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Healthy Homes draught stopping: when is a draught noticeable?

By The Lodge Real Estate Team on 2019-10-09

Under the new Healthy Homes Standards, any landlord offering a new or renewed tenancy from 1 July 2021 must ensure their home has no gaps or holes that cause noticeable draughts. But what is considered a “noticeable” draught?

And how can landlords assess whether they need to block or fill in a hole or not?

In this blog, we explore this standard and what the industry says in regards to drafty houses and air-tightness in further detail.


Why the standard?

Draughts are a major cause of heat loss in a home, especially old homes. It’s estimated that 15-20 per cent of heat is lost to draughts in old homes (even more if there is an unused open fireplace). Which is why all homes built before the 1960s will need draught-proofing, as will many homes built up until the ‘80s1


When is a draught noticeable?

While the Healthy Homes Standards is still working on providing guidelines for landlords concerning the specifics for this standard, the Design Buildings Wiki, which pools the knowledge of the UK’s 3 million-person strong construction industry, defines a noticeable draught as a “current of air inside a building that can make its occupants uncomfortable”.

It is important to note that a noticeable draught in one climate may not be noticeable in another. Generally, the colder the climate, the less airflow is needed to make a draught uncomfortable.  

Here are some typical ranges2:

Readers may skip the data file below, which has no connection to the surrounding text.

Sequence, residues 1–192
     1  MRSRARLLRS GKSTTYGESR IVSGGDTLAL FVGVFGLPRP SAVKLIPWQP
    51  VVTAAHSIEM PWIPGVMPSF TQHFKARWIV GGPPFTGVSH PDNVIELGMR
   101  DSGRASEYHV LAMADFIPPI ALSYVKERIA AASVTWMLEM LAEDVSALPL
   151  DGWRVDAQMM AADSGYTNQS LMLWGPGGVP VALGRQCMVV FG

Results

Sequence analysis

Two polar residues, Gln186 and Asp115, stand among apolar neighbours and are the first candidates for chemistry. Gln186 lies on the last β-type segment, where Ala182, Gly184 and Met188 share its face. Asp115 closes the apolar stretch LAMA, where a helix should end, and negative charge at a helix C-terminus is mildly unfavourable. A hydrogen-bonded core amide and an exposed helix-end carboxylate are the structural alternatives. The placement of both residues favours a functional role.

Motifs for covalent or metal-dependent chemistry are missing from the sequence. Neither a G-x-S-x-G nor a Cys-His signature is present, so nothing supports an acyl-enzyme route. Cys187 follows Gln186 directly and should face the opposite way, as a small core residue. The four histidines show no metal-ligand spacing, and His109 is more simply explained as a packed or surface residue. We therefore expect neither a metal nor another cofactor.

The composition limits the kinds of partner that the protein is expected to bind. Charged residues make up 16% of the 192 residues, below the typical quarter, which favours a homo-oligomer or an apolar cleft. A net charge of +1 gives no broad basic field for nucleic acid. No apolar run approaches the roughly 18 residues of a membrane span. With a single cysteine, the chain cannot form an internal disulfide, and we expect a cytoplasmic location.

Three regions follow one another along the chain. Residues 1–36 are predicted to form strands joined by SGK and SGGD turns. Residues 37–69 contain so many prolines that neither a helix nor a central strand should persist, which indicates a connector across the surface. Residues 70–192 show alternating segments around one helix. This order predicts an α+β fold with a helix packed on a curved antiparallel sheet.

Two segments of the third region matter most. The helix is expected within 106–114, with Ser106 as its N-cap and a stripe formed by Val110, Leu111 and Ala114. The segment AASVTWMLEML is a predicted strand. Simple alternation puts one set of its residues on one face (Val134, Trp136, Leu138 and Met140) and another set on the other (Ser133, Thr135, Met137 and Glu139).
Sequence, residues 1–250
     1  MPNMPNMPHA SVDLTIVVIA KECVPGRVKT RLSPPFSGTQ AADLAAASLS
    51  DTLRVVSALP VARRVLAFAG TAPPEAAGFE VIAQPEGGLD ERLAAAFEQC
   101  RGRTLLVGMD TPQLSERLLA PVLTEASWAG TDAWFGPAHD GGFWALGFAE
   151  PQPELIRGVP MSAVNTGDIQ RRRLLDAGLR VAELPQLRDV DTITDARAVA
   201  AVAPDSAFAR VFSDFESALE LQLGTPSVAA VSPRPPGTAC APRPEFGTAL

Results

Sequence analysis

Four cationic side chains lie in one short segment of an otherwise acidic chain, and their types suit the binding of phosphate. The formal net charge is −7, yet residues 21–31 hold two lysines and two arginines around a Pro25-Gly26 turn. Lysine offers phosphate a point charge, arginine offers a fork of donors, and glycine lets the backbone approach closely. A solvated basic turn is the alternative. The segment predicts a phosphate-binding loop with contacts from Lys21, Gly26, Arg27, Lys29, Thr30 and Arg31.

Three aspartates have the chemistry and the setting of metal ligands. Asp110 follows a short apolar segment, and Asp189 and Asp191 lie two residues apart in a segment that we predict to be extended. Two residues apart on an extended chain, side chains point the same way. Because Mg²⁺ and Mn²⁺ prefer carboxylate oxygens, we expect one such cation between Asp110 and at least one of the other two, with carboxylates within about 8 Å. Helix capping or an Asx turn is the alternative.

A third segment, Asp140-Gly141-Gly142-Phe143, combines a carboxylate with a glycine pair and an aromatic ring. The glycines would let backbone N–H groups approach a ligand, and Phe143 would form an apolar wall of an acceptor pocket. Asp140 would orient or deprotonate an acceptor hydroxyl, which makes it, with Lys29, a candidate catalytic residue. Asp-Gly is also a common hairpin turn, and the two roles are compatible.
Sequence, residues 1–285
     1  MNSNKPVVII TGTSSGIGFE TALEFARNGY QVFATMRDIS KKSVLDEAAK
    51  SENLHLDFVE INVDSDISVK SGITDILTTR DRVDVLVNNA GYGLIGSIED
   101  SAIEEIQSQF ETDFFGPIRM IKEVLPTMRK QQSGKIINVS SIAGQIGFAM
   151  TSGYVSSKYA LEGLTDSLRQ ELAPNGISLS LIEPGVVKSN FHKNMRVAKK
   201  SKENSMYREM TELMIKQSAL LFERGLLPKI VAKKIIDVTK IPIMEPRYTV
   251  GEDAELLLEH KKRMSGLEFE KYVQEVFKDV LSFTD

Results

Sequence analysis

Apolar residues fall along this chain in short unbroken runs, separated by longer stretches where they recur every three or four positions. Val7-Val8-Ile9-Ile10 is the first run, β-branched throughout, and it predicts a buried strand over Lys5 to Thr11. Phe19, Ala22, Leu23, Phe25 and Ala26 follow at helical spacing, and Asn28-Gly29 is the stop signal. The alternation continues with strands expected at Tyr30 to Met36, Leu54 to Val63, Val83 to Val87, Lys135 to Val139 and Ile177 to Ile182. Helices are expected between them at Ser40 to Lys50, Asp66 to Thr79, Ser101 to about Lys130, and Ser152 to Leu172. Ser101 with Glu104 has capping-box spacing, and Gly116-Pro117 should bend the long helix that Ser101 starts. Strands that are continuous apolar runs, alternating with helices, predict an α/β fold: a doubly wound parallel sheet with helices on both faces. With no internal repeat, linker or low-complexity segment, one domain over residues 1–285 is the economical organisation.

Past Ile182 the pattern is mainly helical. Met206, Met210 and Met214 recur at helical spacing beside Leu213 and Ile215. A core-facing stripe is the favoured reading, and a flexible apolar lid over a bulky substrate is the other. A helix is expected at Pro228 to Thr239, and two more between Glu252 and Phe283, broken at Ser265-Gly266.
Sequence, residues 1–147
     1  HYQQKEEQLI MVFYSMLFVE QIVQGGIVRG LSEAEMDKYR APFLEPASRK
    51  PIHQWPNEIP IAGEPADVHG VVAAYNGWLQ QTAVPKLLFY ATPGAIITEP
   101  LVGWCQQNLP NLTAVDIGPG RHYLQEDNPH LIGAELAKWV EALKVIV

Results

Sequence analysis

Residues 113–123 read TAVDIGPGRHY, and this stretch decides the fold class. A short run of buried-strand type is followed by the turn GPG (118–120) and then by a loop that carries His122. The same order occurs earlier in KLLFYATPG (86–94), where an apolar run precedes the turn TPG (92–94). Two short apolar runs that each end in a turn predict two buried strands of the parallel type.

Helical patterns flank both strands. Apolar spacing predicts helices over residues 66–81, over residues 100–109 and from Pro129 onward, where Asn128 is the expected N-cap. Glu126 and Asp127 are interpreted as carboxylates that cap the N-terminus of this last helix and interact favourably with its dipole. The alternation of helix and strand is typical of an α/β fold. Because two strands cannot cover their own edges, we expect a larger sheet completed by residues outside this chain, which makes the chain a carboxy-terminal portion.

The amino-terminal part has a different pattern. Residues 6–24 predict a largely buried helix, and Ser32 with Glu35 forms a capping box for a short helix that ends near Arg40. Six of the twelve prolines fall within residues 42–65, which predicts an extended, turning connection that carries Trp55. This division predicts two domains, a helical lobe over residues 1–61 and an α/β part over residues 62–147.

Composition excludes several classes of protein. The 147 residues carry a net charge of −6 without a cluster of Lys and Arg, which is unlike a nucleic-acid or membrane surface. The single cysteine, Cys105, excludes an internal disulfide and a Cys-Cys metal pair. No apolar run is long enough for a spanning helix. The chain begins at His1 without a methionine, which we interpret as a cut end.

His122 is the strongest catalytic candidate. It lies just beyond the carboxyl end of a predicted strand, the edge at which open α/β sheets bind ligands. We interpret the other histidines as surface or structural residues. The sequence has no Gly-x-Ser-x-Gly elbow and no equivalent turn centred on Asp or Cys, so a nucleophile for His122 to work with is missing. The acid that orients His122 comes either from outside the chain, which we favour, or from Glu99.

0 m/s

Stationary air.

0.1 to 0.15 m/s and above

May be felt as a draught in a cold climate in the winter.

0.3 m/s and above

May be felt as a draught in a cold climate in the summer.

0.8 to 1 m/s and above

May be felt as a draught in a hot climate.



How to identify draughts in your home

There are several ways to do this. Draughts are best found on a windy day. You can wet your hand and hold it up to potential drafty areas, or potentially light a candle (but be careful with it near your curtains).

Locations to check:

  • Chimneys and fireplaces.
  • Between floorboards.
  • Window frames.
  • Doors (particularly the strip along the base).
  • Pet doors.
  • Skylights.
  • Extractor fans and rangehoods.
  • Recessed downloads (particularly if installed before 2012).
  • Skirting board.
  • Keyholes.

You may also choose to have a qualified professional come and assess the air leakage in your property with a blower door test. However, this is usually only recommended for new builds or major renovations.


Simple solutions to stop common draughts

Doors and windows

  • Add weather strips around the frames. Foam and rubber seals are the most common types.
  • Fit draught excluders to your doors. Use rubber excluders for external doors and brush excluders for interior ones. Alternatively, use a door sausage
  • Tighten and/or replace loose hinges, catches and latches. 
  • Install window film.


  • Plug the chimney/fireplace: we recommend getting one professionally fitted.


  • Seal any external cracks and gaps in your window trims, and between scriber and weatherboards with UV resistant silicone.

Floor and ceiling

  • Make sure there are no gaps in your ceiling or floor insulation.
  • Seal any cracks in skirting boards with flexible silicon-based or latex sealants.



For more information on the HHS and how it may impact your rental property,  contact your Lodge Property Manager or download our free guide below!

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1. Ministry of Business, Innovation and Employment, Smarter Homes, 2019.

2. Design Buildings Wiki, Draughts in Buildings, 2018. 

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